‘He’s got to want something, right?’ I say, leaning in now. There might be more of him ready to descend on the Earth. Plaque-heads in neon saucers -- or miniaturised in one of those radioactive spheres -- their guns akimbo: laser turrets, photon torpedoes, supersonic depth charges all brimming, about to explode.

‘He doesn’t have to want anything,’ Aubrey sez.

My cigarette making like an eleventh finger, I point at Alvin, saying, ‘That your plan? You want us to think we’ve got no hope of comprehending it? Then --’ furiously jabbing now -- ‘then you go and blast us to ash?’ I crush the cigarette out in the graveyard of its pack-mates. Aubrey does the same, but as she does, she stands and backs away from the table.

I say to her, ‘What’re you doing?’ and all she does is stare at me funny, like I’ve got ALVIN bolted to my forehead. ‘Take it easy, you’ll startle the extra-terrestrial.’

Lower lip quivering, newly bunched ponytail a-swaying, Aubrey Chen sez: ‘, 如此!’ and lowers her head.

‘Is what so?’

‘I’m gonna die, Syd.’

‘Hey hey,’ I say, getting all the warmth and calmness I can into my voice, ‘we’re both gonna die.’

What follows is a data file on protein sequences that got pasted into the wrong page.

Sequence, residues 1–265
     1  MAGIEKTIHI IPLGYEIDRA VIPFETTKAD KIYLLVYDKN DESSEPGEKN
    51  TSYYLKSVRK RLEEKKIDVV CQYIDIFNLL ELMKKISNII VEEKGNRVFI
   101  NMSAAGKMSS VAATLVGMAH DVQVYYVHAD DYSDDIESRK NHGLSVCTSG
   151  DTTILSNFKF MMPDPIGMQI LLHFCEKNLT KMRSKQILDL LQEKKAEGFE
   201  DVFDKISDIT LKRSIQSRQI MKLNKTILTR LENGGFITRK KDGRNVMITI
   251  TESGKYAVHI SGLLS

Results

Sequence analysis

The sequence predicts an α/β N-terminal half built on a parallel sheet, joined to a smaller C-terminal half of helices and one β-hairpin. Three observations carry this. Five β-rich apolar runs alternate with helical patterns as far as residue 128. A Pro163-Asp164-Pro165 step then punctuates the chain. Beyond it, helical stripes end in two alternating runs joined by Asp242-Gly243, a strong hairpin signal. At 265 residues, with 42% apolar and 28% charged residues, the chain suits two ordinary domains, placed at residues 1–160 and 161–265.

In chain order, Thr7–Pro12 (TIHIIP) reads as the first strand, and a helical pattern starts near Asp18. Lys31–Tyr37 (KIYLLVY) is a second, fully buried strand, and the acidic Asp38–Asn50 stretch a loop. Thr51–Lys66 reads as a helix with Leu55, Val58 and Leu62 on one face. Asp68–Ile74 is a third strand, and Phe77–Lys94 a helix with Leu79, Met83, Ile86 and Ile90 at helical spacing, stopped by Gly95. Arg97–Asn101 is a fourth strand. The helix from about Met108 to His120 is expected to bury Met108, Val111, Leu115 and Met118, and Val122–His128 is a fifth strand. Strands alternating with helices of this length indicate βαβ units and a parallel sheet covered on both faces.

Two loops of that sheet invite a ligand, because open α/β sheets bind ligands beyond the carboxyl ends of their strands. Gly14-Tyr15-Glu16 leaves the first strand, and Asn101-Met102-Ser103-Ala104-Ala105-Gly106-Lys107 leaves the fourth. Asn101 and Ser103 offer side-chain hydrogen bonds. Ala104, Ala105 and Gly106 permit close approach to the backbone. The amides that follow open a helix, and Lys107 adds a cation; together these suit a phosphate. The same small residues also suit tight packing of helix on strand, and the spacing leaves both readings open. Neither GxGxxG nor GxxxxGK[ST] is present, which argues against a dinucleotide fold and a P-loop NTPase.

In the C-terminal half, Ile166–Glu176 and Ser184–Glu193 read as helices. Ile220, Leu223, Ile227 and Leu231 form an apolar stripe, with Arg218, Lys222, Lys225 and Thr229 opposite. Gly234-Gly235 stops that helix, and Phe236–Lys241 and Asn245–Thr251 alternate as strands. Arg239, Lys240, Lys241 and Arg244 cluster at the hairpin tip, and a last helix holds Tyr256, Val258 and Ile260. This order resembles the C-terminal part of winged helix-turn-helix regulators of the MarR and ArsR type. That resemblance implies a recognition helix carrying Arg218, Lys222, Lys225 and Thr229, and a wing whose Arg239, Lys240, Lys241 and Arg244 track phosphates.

She holds tight to her tummy and starts dry heaving.

I hug her tight.

We’ve been at this nearly a decade. I always loved her, but could never say it. Until I did. It didn’t help that I was married, with a kid, and she was so in love with Charlie it made me sick.

I hold her tight, and she cries into my shoulder.

‘You don’t know,’ I tell her, ‘Doc might have something.’

But we both know she won’t and are grateful when there’s another knock on the door and in walks Hazmat, metal bucket in hand. Aubrey breaks free from me and vomits into the bucket. Hazmat lingers, vomit bucket still in hand, looks to be thinking of something kind to say, fails to find anything, and heads back out.

Aubrey wipes her mouth on the long, black sleeve of her frilly shirt. Radiation- or emotion-induced sickness I do not know.

In the mirror behind Alvin, beyond which my superiors watch on in fascination, my reflection mouths to me: Good luck, kid and vanishes.

I sit back down and spend a cigarette’s worth of time wondering if Alvin made it do that or if it’s just imagery -- a metaphor, a foreshadow for doom, and if Aubrey is gonna rally. When the cigarette’s done, I’m still undecided on all of it.

How long before we’re both cooked from the inside?